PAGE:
Life Begins began its first series showing your everyday family setting off on holiday with friends. Phil is married to Maggie and they have two children, James and Becca who are approaching their teenage years. As far as Maggie is concerned it is going to be a normal holiday. That is until Phil tells her he is moving out. The holiday is cut short, much to the childrens dismay and Phil packs his bag and goes to stay with a friend from work. This pretty much leaves Maggie at a lose end. Something I imagine is extremely common in situations like these. She is left with the house, the children and the car, all which need money-something what she has very little of, especially as she has been a stay at home mum for the past 12 years. Phil is doing his best to be awkward on the money front and is providing her with a pittance meaning that Maggie will need to go out and find a job, something that is going to prove increasingly difficult for a 39 year old woman whose been out of work for over a decade and has never heard of Microsoft Word! Alongside all this it becomes apparent that Maggies father, who she loves very dearly is becoming rather ill which just adds more stress to poor Maggies life! I really enjoyed this drama. I remember watching it when it was on ITV about 5 years ago and thought I would rent it on DVD because I enjoyed it so much. Caroline Quentin as the role of Maggie performs tremendously and I believe to be perfect for the character due to her acting abilities and the viewers being able to relate to her so well. The fact that she seems so normal and real to life makes the drama ever so realistic and makes it a very heartwarming drama. Alexander Armstrong plays Phil and at the beginning I couldn't help but like him but as his antics went on I found it easier to dislike him! The introduction of Maggies fathers illness really added to the drama as I think it helped Maggie realise that there are other things in life than her seperation and this is far more important. The acting skills used here by all characters concerned is very strong, Frank Finlay does an excellent portrayal of her father, making the audience really feel for Maggie and begin to understand how hard it must be to go through something similar. Although both of the children are rather young in the drama, Ace Ryan and Elliot Henderson-Boyle do a fantastic job of portraying the children who really are stuck in the middle and wish everything was how it used to be. I especially believe the character of Becca (Ryan) to be very strong as she portrays the character of Daddys girl very well. Although this is a drama based around a not so happy time, there are a number of comedy moments in the series. Caroline Quentin works these well and they come across as traditional and very true to life. The series was first broadcast in 2004 and the DVD was released in 2005. It was directed by Mike Bullen. The series 1 is spread over 2 discs and lasts for 276 minutes. It is available from amazon for £13.98. If you enjoy this dont forget to watch the second and third series too! I would recommend this to anyone who has experience similar, enjoys a good drama or who likes Caroline Quentins work. It was well prepared and thought out and the acting skills are impeccable.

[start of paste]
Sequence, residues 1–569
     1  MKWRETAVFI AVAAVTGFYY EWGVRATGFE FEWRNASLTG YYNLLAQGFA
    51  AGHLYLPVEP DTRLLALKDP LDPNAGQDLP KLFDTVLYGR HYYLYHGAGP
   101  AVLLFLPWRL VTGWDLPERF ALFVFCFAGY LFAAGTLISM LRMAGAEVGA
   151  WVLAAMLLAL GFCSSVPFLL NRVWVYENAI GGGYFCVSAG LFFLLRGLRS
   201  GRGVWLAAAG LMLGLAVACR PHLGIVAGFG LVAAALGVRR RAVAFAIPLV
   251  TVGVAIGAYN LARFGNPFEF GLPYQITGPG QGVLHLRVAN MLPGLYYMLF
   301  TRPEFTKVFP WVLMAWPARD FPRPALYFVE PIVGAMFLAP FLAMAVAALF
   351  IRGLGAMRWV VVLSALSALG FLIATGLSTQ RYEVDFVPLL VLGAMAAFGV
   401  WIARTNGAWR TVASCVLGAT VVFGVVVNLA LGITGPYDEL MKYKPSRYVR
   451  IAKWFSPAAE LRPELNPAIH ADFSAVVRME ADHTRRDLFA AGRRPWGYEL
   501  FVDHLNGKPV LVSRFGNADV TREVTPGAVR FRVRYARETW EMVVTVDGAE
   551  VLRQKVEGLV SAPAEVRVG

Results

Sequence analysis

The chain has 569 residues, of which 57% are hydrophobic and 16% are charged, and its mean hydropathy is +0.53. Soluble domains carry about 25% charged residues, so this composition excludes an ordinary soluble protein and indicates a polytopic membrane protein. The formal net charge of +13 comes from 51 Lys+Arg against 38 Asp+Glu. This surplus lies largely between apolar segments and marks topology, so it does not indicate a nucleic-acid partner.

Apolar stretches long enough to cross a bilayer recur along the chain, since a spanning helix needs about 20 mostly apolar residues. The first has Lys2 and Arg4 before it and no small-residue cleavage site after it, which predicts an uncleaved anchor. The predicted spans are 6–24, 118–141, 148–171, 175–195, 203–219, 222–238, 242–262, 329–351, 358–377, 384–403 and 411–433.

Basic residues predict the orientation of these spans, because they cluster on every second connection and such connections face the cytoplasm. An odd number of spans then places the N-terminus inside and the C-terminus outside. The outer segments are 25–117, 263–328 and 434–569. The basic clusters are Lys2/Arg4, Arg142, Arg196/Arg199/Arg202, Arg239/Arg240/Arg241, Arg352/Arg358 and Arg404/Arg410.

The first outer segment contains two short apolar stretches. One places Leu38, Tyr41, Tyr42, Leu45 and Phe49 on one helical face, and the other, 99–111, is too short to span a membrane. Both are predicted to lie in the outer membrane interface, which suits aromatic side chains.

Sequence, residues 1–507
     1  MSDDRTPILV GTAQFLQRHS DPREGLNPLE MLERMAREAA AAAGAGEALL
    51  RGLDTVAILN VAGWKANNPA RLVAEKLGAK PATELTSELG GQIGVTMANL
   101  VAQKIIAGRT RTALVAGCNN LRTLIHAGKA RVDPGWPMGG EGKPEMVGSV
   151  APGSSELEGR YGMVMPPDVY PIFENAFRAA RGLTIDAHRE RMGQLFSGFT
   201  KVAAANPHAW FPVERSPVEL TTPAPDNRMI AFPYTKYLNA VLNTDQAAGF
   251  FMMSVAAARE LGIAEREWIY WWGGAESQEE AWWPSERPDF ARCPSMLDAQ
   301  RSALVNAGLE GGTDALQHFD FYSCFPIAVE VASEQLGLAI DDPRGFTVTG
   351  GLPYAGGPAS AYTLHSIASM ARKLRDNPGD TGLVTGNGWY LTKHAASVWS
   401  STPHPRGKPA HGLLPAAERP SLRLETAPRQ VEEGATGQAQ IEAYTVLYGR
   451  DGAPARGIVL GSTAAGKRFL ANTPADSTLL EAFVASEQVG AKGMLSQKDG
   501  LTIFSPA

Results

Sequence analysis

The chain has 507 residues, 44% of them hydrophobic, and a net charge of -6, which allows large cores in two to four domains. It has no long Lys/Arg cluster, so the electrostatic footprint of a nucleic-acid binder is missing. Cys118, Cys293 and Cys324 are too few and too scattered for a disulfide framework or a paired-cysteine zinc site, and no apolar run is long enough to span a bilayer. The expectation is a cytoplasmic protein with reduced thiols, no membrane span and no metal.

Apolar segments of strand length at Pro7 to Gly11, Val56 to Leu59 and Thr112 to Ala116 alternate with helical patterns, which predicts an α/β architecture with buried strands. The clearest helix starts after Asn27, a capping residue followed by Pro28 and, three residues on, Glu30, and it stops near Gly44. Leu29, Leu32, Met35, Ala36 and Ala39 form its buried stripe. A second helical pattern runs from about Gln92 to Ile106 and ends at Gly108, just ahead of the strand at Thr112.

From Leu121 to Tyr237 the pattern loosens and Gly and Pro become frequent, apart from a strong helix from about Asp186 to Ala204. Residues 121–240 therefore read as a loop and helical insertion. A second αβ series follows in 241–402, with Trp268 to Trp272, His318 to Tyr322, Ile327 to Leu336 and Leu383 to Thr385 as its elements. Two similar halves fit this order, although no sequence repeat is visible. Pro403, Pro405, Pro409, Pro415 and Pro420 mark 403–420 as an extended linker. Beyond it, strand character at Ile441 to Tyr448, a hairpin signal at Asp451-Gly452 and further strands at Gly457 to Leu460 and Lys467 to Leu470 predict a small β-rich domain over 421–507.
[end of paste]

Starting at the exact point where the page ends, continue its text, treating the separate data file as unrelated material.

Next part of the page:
Who hasn't been there? The chances are that if you live in Britain you'll have some experience of divorce, be it your own or that of a friend, neighbour or family member. And it's painted as a really crappy thing. Interesting, then, that somebody should make a television drama about how a divorce can be the start of something great; a new lease of life. That's exactly what Cold Feet creator Mike Bullen has done with Life Begins. The series begins with the Mee family - Maggie (Caroline Quention) and Phil (Alexander Armstrong) taking their children Becca and James on holiday. However when they arrive it becomes apparent that Phil isn't happy, and he tells Maggie he's going to move out. Needless to say they drive home at once. Throughout the remaining five episodes, everything changes in Maggie and Phil's lives. She's forced to return the work, eventually finding a job in a travel agents, whilst he shacks up with the (allegedly) attractive Anna, an uptight high-flyer with perkier breasts. Maggie's father Eric (Frank Finlay) is diagnosed with alzheimers to the great concern of both Maggie and her mother Brenda (Anne Reid). The acting in the series is top-notch; Caroline Quentin is always given comedic or light-hearted gigs, but here she has found her perfect role; straight and reasonably serious, but with an incredible amount of laughs for what is primarily a drama. Everything from the superbly sharp scripting to Quentin's perfectly-judged facial expressions and the timing of her delivery make for six episodes packed with giggles. Armstrong nails the slightly meek and confused persona as Phil, who doesn't appear even to know why he's leaving Maggie. He shares considerable chemistry with her and when on screen together they appear to have a strange sort of understanding for one another's frames of mind, which is remarkable given that he has just walked out on her. Of course many series enjoy a strong lead cast, but the supporting characters need to be believable too and here Life Beings really excels. Two particular favourites of mine are Maggie's colleague Helen and her mother Brenda. Helen has utterly perfected that look of sheer exasperation, and she uses it at every available oppurtunity; when discussing men, when being lectured by her boss. It's not until she aborts the baby planted by her on-off boyfriend Chris that she opens up and we see the real, vulnerable girl behind the steely stare. Brenda is also exasperated, as well as being hard to please and hilariously shrill. Anne Reid plays her with a formidable icyness, and there's one especially poignant moment when Eric walks in on the coffee morning she's hosting for her friends, giving one of them his condolances for her husband's prostate. He's got things - and people - muddled of course, but the obvious embarassment on Brenda's face speaks such a great deal about Eric's condition. What's also remarkable is the way that middle class lifestyles have been captured in a which is neither superior nor inferior, just as problematic as any other. Ellie Haddington has the role of concerned mother hammered as Maggie's neighbour Kathleen, who just can't help but voice her opinion about the boy her daughter Sam has opted to date. It's a typical well-intentioned-mother-puts-foot-in-it scenario, but the way it's resolved is heartwarming. There's also a brilliant moment when Sam discovers something naughty in the bathroom whilst staying at Maggie's house (having rowed with her mother). The stupid grin on her face perplexes Maggie... for a moment. In the fourth episode, Maggie decides to find a hobby to take her mind off her problems, so she and Guy, husband of her best mate Clare, dust off his old motorbike and zoom off to a biker's convention. Clare is left reeling with a silent jealousy at the fact that her husband has the most fun when he's with another woman - Maggie of all people! - and everything comes to a head at a children's party, when a shocked and shaken Maggie stuns the room with an emotional speech. It's as riotously funny as it is sad. One running joke through the series is Clare and Guy's concern for their young son's sexuality. When his dad suggests a game of football in the garden, he chirps "Great! I'll get the handbag." You'll not stop laughing for a long time. I genuinely can't think of a valid criticism of Life Begins. It's everything you could ever want from a drama; realistic, sad, moving, and darkly comic. The music is wonderful too; the opening and ending credits use downtempo tracks by the UK dance act Faithless, and it works surprisingly well. The icing on the cake is the DVD packaging for series one. A ten-second series of voice clips recap the events of the previous episode and it's evident that a lot of time was spent making the menu look smart. In short, this is an absolute must-buy.